Trillium enters the data discovery/preparation market

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Also posted on: The IM Blog

Trillium Software has announced two new products: Trillium Prepare and Trillium Refine. Both are based on a partnership with UNIFi, a data discovery/preparation vendor that will be featuring in my forthcoming (updated) Market Update on data preparation. In fact, Trillium Prepare will simply be a white-labelled version of UNIFi, installed and supported by Trillium. However, Trillium Refine is a superset of Trillium Prepare and goes some way beyond it.

UNIFi, as I have said, is a self-service data discovery and preparation platform targeted at business users. It runs on Hadoop and leverages either or both of MapReduce and Spark. It has profiling capabilities, a built-in recommendation engine and machine learning to guide the business analyst, and a variety of other features you would expect in a data preparation product, as well as data discovery features that you would not. However, it is limited in data quality capabilities compared to what Trillium offers natively in Hadoop. As one would expect, Trillium has a much broader and deeper set of data quality capabilities – matching, parsing, sophisticated enrichment, and so on. These are what have been combined with UNIFi to create Trillium Refine, an integrated data discovery, preparation and quality solution.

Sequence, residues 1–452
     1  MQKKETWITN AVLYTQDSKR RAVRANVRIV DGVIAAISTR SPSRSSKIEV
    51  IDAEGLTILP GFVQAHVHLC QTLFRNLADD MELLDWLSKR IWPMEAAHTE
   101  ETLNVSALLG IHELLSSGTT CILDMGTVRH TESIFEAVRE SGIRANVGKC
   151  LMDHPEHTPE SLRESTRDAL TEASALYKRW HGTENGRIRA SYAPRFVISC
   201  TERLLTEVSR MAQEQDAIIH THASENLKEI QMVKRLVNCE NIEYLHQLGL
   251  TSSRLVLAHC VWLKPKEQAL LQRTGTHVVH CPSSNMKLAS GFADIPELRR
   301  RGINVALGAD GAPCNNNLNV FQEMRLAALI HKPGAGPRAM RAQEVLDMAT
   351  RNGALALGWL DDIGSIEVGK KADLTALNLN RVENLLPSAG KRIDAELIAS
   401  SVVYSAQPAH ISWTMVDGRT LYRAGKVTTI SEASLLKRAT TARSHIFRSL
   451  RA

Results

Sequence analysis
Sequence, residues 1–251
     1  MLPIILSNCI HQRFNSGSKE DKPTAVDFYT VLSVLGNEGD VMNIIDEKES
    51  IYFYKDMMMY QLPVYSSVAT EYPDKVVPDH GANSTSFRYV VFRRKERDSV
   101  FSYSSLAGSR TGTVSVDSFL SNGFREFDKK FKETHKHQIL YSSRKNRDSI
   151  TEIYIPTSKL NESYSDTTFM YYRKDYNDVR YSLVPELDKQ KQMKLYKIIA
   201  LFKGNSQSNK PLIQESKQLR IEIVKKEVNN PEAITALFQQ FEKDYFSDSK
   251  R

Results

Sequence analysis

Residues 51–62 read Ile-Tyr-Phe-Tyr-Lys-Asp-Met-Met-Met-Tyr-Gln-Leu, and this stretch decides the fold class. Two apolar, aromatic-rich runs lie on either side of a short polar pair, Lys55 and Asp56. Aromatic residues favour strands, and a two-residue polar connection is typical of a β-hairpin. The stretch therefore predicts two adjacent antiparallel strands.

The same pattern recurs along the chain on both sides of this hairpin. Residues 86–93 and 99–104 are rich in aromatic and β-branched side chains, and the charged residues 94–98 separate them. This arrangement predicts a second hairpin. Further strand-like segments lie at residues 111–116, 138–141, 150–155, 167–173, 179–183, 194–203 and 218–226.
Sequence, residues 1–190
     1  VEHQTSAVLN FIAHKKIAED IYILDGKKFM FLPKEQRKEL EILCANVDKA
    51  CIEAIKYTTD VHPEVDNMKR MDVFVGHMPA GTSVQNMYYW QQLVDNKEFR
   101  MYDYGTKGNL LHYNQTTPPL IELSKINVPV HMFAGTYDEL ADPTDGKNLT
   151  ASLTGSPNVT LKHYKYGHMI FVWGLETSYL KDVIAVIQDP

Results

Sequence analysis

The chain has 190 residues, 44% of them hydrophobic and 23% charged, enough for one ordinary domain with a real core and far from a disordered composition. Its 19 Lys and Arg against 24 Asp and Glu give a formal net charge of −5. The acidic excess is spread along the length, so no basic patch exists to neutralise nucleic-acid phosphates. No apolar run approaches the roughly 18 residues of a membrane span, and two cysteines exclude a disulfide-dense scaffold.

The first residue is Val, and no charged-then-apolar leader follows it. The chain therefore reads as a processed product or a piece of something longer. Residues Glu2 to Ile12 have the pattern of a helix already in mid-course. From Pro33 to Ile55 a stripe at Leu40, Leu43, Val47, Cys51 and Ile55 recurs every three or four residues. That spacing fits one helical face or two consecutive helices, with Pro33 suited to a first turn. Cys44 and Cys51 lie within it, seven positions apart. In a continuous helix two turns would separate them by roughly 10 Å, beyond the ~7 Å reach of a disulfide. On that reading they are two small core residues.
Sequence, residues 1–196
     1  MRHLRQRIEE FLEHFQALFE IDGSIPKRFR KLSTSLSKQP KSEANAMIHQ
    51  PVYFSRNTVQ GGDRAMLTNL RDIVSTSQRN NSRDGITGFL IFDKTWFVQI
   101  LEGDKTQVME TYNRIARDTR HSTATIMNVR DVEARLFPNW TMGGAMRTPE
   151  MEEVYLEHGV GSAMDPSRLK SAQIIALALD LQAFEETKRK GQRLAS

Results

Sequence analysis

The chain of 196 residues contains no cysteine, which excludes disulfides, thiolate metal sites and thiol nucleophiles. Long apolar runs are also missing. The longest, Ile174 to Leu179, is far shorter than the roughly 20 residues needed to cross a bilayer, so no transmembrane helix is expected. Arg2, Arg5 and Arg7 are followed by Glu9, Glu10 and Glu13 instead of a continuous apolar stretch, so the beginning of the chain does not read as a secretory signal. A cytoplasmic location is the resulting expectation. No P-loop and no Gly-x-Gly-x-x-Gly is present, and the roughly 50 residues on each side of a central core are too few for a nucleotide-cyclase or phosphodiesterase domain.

With Trillium Prepare, users can discover, access, profile and prepare data using an interface designed to be business friendly. Data is imported into Hadoop and processed behind the scenes, and users can easily export joined data sets to their business intelligence platform of choice. Trillium Refine, however, allows users to ensure the accuracy and completeness of prepared data before analysing it in BI and analytics tools. As part of their workflows, users can easily deploy data quality projects (cleansing, parsing, matching, global address validation and so forth) by a simple click within the interface. Because Trillium’s quality projects also run natively in Hadoop, no additional movement of the data is necessary. Once finished, users still have the option to export the data directly to a front-end analytical or visualisation tool such as Qlik or Tableau.

This is an interesting approach. Clearly, Trillium wanted to get into the market quickly and this is a good way to do it. Other data quality vendors have either already moved into this space or are planning to do so. However, they have had to build out from their existing capabilities, which means that some have been relatively slow at coming to market and/or have relatively limited capabilities. Moreover, UNIFi is a much more complete product than many others in the market: it has widespread connectivity options, it offers data discovery as well as data preparation, and it is suitable for use by data scientists (who can combine the built-in expression builder with external capabilities using tools such as MLLib or R). Add in Trillium’s own inherent capabilities and you have products that are several steps ahead of most (if not all) of the competition.